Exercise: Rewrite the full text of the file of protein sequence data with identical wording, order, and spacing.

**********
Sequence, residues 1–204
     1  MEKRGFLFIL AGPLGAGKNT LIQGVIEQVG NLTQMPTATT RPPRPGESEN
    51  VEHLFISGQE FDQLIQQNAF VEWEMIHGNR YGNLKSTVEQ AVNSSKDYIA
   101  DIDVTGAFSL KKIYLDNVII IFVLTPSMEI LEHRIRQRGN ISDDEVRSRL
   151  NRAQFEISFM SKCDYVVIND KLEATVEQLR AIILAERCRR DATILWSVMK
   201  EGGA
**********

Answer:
Sequence, residues 1–204
     1  MEKRGFLFIL AGPLGAGKNT LIQGVIEQVG NLTQMPTATT RPPRPGESEN
    51  VEHLFISGQE FDQLIQQNAF VEWEMIHGNR YGNLKSTVEQ AVNSSKDYIA
   101  DIDVTGAFSL KKIYLDNVII IFVLTPSMEI LEHRIRQRGN ISDDEVRSRL
   151  NRAQFEISFM SKCDYVVIND KLEATVEQLR AIILAERCRR DATILWSVMK
   201  EGGA